NYC Council passes police reform initiatives, ends qualified immunity

The New York City Council passed initiatives that they hope will work to restore trust from the community and accountability within the police department.
Among the biggest changes – NYPD officers will no longer be protected from civil lawsuits, ending qualified immunity.
Citizens will be able to sue an individual officer for using excessive force or unreasonable search and seizure.
It also requires the department to issue a quarterly report on all vehicle stops, which includes information on race, precinct and age of the driver.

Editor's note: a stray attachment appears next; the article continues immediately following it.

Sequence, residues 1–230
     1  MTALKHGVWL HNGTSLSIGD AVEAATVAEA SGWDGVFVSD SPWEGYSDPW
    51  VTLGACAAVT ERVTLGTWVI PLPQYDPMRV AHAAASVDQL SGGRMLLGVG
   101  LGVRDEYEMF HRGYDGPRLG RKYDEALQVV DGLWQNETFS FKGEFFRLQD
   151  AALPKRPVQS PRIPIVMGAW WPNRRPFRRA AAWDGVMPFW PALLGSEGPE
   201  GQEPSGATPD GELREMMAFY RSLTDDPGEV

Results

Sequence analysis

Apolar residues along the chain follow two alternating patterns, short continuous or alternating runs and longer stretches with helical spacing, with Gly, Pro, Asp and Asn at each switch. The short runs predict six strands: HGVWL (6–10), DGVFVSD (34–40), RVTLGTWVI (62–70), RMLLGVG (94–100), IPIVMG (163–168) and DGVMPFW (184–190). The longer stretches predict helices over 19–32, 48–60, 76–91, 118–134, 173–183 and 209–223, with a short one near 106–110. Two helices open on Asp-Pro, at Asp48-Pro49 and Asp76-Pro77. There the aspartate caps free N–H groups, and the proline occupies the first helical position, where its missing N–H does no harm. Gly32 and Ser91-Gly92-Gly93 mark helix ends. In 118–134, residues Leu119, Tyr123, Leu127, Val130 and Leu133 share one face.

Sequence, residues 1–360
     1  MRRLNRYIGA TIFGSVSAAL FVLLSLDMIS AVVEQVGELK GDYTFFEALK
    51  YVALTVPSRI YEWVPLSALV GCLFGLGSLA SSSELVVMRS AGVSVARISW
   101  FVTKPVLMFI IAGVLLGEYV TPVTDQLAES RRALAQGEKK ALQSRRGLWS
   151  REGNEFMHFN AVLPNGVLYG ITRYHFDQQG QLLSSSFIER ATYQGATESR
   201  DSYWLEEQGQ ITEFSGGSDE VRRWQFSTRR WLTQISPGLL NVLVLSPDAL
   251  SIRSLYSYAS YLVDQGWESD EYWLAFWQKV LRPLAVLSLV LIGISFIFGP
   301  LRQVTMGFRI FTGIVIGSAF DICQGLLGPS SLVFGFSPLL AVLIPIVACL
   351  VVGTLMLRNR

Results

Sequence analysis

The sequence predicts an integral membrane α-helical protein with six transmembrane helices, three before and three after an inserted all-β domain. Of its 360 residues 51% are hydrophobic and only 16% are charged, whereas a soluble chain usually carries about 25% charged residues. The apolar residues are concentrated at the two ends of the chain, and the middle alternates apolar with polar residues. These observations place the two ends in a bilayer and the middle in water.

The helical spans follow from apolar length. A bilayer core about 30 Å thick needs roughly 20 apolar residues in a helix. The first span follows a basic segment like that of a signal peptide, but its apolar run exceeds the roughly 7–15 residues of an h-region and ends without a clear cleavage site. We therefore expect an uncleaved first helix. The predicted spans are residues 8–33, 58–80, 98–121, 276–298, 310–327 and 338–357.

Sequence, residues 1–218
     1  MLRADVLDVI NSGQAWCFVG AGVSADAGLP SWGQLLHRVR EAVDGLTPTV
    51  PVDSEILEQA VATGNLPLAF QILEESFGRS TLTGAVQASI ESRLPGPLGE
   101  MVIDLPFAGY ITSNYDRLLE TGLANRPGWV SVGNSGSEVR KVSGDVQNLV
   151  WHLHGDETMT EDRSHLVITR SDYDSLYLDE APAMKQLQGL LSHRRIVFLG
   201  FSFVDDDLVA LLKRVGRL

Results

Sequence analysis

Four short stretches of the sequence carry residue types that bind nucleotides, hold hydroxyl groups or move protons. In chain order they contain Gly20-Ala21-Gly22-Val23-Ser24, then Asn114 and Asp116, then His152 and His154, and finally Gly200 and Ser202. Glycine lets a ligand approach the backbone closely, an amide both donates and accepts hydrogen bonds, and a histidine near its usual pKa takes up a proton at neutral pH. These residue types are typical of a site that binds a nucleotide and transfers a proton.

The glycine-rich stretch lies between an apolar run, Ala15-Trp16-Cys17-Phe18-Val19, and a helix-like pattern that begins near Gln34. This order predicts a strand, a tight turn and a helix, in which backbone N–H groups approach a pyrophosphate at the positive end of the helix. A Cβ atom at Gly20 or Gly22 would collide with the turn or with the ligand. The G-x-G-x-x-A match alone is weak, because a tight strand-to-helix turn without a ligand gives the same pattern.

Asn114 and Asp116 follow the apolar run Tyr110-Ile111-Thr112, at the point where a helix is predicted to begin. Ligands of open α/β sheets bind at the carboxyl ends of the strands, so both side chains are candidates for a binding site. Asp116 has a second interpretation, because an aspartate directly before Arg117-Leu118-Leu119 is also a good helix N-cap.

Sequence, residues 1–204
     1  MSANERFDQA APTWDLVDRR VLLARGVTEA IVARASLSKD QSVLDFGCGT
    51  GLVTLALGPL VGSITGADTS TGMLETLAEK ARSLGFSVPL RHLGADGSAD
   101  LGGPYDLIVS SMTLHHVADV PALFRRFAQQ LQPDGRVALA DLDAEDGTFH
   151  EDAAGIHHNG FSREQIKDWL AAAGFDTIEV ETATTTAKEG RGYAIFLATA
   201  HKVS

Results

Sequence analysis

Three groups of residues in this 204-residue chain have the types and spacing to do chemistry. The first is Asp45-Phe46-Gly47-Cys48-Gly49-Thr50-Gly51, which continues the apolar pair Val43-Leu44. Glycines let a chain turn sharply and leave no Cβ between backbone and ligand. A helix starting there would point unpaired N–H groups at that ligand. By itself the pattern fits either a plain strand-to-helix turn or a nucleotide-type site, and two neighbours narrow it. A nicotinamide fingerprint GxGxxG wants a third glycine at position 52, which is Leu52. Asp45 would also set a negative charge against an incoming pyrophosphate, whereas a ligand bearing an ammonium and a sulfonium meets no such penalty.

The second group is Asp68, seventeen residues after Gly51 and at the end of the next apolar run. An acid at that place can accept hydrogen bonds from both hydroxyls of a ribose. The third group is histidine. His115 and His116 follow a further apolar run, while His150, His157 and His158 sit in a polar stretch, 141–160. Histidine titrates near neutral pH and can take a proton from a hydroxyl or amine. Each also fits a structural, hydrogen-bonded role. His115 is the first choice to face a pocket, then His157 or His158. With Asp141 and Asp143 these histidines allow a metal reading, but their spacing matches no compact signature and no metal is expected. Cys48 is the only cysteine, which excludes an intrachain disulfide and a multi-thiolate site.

Other changes:
  • A major crash involving significant injury will now be investigated by a new unit within the city’s Department of Transportation.
  • The Civilian Complaint Review Board has the power to investigate bias-based policing and racial profiling complaints made by the public.
  • Establishes a residency requirement for officers that serve cities with populations over 1 million people. Newly hired NYPD officers would have to live within one of the five boroughs.
  • Final discipline authority to be decided by the Civilian Complaint Review Board.
The mayor says all initiatives will be launched this year with a tracker to monitor their progress being released on May 1.